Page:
« Reply #4 on: Monday,June 13, 2016, 09:29:37 AM »
I assume you're going to use the stainless steel braided rubber hose (the normal type for oil and fuel), you can make the hose yourself with common tools. i used snips to cut the hose and the ends are assembled on it with a vice and wrenches. You can get fancy vice jaw covers (very nice to have if you're making hose) to hold the ends, but aluminum and maybe duct tape works well to keep from scuffing up the ends. The fancy shops use chop saws, etc. but they really aren't necessary. Doing it yourself will make things a lot easier as you can fit the hose runs as you build rather than measuring. Keep in mind you'll not only be worried about oil lines, but also fuel, brake (or have they already been made?), oil pressure sender, etc. So you might want to tool up.

As a general rule in racing, you want to filter hot oil (so you have less pressure drop across the filter) and you want to cool filtered oil. The latter so that if you blow up your motor, you don't get trash in your cooler! We won't be blowing up motors now, will we!? But it makes for good practice. Then you want to feed the engine cooler oil.

I looked up what Dave (Bean) recommended and I had a vague recollection that I originally differed with his opinion and then another vague recollection that it actually ended up being the same when it was all finished so I thought I follow the hoses to confirm. Well, it really is a snake pit under the carbs so the hoses aren't easy to follow without crawling under the car, etc. (your pump is different so my particular set up is not as important to you) - which I'm happy to do if you still have questions, but think the rule I laid out gets to the nub of it.

With that in mind, you would filter your scavenge oil, then cool it, and then put it in the tank. If you use a thermostat, you would put that between the filter and the cooler. Your pressure pump is obviously fed from your tank.

I highly recommend Earl's hose ends - especially for the angled ends because they swivel and can be adjusted after they are assembled. That's very important if you have a hose with an angled end on both sides! Earl's probably has the largest selection of ends (e.g. hose to male BSP - useful for Brit dry sump pumps) and their quality is excellent. I'm sure you can find it in your neck of the woods but if not, JEGS, and Summit Racing carry it, I believe. Here's the catalog: https://www.holley.com/brands/earls/. There's a nice video there that tells you how to assemble the fitting to the hose. They recommend a hack saw (or cut off wheel). When I was selling it, it was a real shoestring operation so there was no expensive cut off wheel in my garage! I started with the hacksaw, but eventually migrated to snips. I found it much easier.

They list bend radiuses in the catalog but in general, your heater hose trick should be pretty accurate. On the other hand, if you make your own hoses as I recommend, you'll know exactly what you're dealing with.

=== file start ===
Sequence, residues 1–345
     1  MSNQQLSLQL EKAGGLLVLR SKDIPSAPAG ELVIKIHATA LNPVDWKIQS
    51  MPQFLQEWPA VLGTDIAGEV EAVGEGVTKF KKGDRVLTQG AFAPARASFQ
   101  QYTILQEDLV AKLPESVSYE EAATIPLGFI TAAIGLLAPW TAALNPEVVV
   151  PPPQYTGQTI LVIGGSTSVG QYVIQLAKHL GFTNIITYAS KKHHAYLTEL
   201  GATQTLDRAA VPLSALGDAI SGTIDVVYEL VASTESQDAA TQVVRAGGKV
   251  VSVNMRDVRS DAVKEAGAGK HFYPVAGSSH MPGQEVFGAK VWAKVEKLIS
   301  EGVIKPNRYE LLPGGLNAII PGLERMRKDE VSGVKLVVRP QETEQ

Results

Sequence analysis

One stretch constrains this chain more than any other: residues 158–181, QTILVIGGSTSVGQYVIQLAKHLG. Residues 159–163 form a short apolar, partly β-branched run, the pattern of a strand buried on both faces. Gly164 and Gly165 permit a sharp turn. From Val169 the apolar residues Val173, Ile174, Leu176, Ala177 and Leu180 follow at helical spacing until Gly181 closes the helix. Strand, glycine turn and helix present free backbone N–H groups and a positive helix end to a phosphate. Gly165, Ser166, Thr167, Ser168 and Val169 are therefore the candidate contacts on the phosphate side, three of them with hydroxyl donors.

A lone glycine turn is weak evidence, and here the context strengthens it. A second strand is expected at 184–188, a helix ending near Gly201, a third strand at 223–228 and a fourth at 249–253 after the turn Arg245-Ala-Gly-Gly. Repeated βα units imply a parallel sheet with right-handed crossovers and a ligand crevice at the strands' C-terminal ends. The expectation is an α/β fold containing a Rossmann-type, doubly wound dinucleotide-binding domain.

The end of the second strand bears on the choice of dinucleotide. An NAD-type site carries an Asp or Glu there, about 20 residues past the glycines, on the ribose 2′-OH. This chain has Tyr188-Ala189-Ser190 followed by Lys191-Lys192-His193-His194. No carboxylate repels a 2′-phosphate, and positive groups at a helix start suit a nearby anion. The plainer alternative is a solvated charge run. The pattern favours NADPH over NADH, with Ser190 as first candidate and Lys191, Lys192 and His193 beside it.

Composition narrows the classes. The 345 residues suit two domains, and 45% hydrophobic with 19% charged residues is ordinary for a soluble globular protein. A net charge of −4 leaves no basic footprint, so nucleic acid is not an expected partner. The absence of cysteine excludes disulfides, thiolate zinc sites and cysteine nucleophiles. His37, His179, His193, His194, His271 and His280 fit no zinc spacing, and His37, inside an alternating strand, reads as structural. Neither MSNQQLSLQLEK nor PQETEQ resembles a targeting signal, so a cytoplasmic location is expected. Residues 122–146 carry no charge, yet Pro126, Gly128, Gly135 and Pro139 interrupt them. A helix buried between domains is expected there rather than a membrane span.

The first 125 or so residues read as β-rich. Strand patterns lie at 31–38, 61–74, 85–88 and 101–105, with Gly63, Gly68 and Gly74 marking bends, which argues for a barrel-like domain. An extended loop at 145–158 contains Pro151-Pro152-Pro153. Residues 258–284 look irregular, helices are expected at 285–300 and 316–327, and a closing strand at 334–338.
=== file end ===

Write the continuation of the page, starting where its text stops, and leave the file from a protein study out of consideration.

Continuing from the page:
A precaution - the braid is very abrasive so you want to securely mount your hose anywhere it might mess up your paint or wear through electrical or heat insulation or body work. Heat shrink tube is handy to protect particular areas. They sell stainless steel braided hose that is completely covered for this purpose, but I think that sort ruins the effect - but maybe I'm just a traditionalist! There are some new types of hose and fittings since I was involved that you might want to explore, but as I say, I'm a traditionalist and I just like the stainless steel braid with the red and blue ends.

 

Offline jbcollier

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Re: The Cosworth YBB Europa
« Reply #5 on: Monday,June 13, 2016, 09:40:37 AM »
Wow!  I think I want to have your Europa's children!!

Online BDA

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Re: The Cosworth YBB Europa
« Reply #6 on: Monday,June 13, 2016, 10:19:53 AM »
Was just taking another look at your pictures... where do you drive your alternator?

Offline Grumblebuns

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Re: The Cosworth YBB Europa
« Reply #7 on: Tuesday,June 14, 2016, 01:05:15 PM »
I using the dry sump system drawing in the Burton Power catalog as my reference:

https://view.publitas.com/burtonpower/2016-catalogue-booklet/page/36

I'm a bit unclear on whether the Burton Power drawing matches your recommendations for the flow path of components. I have a two scavenge, one pressure oil pump similar to the drawing.

You also got me rethinking on how to get my hoses made up. I'll do some more research on the subject and maybe make up my own hoses instead.

To answer you question on the alternator drive, the crankshaft pulley drives three belts, one is for the alternator. Next time I'm under the car, I'll post pictures on the photo album.




   

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Re: The Cosworth YBB Europa
« Reply #8 on: Tuesday,June 14, 2016, 04:22:24 PM »
You said you had two scavenge stages on your pump and I glossed over that! Sorry! Mine has only one so it's a simpler situation.